13 Admirable Character Traits of Rabbi Salanter

The following are the thirteen character traits that Rabbi Yisroel Salanter, the founder of the Mussar movement, encouraged folks to work on attaining

י”ג מדות מרב ישראל סאלנטר זצ”ל

 אמת:  שלא להוציא מן הפה דבר שאין הלב מעיד על אמיתתו

TRUTH:  Out of our mouth no word shall spew, when our heart knows that word is untrue

 זריזות:  שלא לבטל רגע לבטלה.  לעשות מיד מה שדרוש לעשות

ALARCITY:  Since time wasn’t given for us to abuse, each minute of life we’ll put to good use.

 חריצות:  לעשות מה שהוחלט לעשות בשקידה וברגש

DILIGENCE:  Any project we’ve set for ourselves to do, until it’s completed, our efforts must continue.

 כבוד:  להזהר בכבוד כל אדם

RESPECT:  Every person is entitled to his dignity; therefore, we’ll interact respectfully.

מנוחת הנפש:  לבלי ליהיות מבוהל ולעשות כל דבר במנוחה

TRANQUILITY:  Smooth like the lake, not churning like the sea, when we act, our actions will be done calmly.

 נחת:  “דברי חכמים בנחת נשמעים”

PLEASANTNESS:  Gentle and soft speech should be the tone of our voice.  Yelling and screaming is clearly the wrong choice.

 נקיון:  נקיון וטהרה בגופו ובדגיו

CLEANLINESS:  In order to be a vessel where Kedusha can be secure, our bodies and clothing will be kept clean and pure.

 סבלנות:  לסבול במנוחה כל מקרה וכל פגע בחיים

FORBEARANCE:  We’ll bend our heads and accept even the bitterest blows, accepting that what is good for us, only Hashem knows.

 סדר:  לעשות כל מעשיו ועניניו בסדר.  עונה על ראשון ראשון

ORDER:  To bring order to what we do and what we say, “First things, first” will be the motto of the day.

 ענוה:  להכיר חסרונות עצמו ולהסיח דעת ממומי חברו

HUMILITY:  We know our faults and what’s wrong with us, but about the faults of others, we’ll make no fuss.

 צדק:  יושר

JUSTICE:  Of what constitutes wronging others we are aware, so that we’ll conduct our dealings in manners that are fair.

 קמוץ:  שלא להוציא פרוטה שלא לצורך – “וצרת את הכסף”

THRIFT:  Money will be used wisely, not frittered away.  Control of our resources will make our wealth stay.

 שתיקה:  יחשוב התועלת שבדבריו קודם שיוציא אותם

SILENCE:  Silence is better than a babble of nonsense, so we’ll think twice before uttering any sentence.



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8 Responses to 13 Admirable Character Traits of Rabbi Salanter

  1. Neil Harris says:

    I was wondering what your source was for the the Hebrew?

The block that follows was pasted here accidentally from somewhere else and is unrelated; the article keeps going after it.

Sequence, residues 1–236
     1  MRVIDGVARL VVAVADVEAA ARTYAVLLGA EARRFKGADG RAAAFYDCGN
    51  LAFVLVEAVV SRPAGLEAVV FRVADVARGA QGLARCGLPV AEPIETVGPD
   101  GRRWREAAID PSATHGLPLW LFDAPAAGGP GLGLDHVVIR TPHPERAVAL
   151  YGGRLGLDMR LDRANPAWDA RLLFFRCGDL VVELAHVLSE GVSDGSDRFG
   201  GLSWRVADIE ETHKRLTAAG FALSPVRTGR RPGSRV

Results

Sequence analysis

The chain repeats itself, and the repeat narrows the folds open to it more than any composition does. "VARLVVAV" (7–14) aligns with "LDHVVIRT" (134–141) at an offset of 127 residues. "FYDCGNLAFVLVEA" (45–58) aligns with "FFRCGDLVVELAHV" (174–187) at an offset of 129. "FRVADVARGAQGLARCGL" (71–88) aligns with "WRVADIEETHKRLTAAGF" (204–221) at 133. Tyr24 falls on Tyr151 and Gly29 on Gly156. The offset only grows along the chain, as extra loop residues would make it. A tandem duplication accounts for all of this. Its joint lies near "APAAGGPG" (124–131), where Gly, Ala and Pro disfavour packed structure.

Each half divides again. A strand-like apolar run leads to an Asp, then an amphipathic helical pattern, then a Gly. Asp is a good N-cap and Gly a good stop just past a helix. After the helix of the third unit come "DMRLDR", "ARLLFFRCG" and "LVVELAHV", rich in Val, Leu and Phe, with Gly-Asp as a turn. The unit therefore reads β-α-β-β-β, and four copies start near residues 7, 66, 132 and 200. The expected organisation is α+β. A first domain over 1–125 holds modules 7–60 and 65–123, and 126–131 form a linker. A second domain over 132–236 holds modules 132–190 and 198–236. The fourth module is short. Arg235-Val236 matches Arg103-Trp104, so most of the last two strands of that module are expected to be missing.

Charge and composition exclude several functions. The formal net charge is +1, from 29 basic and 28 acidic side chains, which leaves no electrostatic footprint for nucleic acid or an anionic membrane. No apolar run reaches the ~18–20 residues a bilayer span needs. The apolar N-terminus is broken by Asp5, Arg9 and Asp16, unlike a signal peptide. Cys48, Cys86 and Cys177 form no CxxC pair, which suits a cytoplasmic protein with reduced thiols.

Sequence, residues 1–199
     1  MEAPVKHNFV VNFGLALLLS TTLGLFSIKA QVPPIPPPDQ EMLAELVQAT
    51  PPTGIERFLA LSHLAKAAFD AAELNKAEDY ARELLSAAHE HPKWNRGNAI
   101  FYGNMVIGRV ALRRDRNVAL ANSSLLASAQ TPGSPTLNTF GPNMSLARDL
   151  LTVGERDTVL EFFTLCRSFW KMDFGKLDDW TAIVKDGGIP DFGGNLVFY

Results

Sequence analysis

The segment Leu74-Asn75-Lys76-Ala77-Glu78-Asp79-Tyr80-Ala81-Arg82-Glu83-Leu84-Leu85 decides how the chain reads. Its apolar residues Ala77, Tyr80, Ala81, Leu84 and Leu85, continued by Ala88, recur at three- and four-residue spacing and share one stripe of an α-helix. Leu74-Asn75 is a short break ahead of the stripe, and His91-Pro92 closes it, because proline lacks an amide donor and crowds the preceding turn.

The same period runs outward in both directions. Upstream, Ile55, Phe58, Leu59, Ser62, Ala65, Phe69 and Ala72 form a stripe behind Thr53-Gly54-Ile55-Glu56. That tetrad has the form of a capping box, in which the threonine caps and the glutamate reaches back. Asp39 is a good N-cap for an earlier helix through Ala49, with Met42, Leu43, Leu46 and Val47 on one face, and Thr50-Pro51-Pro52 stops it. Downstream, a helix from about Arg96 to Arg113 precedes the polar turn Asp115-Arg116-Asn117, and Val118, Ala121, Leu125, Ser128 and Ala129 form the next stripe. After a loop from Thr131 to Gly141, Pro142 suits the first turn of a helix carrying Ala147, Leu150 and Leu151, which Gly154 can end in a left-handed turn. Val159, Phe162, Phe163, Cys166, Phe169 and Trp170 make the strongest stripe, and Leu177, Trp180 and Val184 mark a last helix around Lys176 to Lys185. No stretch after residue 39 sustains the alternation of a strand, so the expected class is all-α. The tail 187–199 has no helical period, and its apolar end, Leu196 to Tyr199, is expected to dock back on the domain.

• A tattered one-sheet copy of something I taught years ago and unearthed from my old files recently — I would assume it was an old Torah U’Mesorah handout, but if anyone out there can correct me, please do so in order that credit can go where credit is due.
      There is also a Yiddish version of it floating around Satmar in Williburg (if anyone wants to get it in Yiddish).

  2. neilsharris says:

    I know that Tenuas HaMussr lists them as recorded in Mikor Baruch (R Baruch Esptein).
    Also I think R Zecharia Fendel lists them in one of his books.

  3. Choirmistress says:

    It’s a nice idea to have the English translations rhyme — except when a) rhyming is unnecessary since the original Lashon Kodesh doesn’t rhyme; and b) the results are inaccuracy and awkward rhythm/syllabication.
    Don’t mind me, it’s part of my “Gotcha!” nature as a professional proofreader.
    This is me climbing down from my soapbox. We not return you to your regular program.

    • Ah, you don’t like the rhymes
      ain’t that just a sign of the times
      to wonder aloud and criticize
      yup, you’re right, there was no must
      and the rhymes might look over-fussed
      but comments for no reason are just unjust
      ya’ see, my friend, parts of our mind
      have routes that our thoughts do find
      and rhymes stay apart from daily word grinds
      which might be why rhymes often stick
      and that is an education trick
      and concepts often have a better click
      so pardon me that you don’t like my work
      but from rhymes I’ll never shirk
      even if critics lurk!!

  4. David Rude says:

    So easy to say but a challenge to do!

    • Which is why the great sage said, it is way easier to learn the entire Shas (Talmud) than to change on character trait.
      Yet, even when it is hard, seemingly impossible, trying to change is precious. To quote Robert Browning: “”Ah, but a man’s reach should exceed his grasp, Or what’s a heaven for?”

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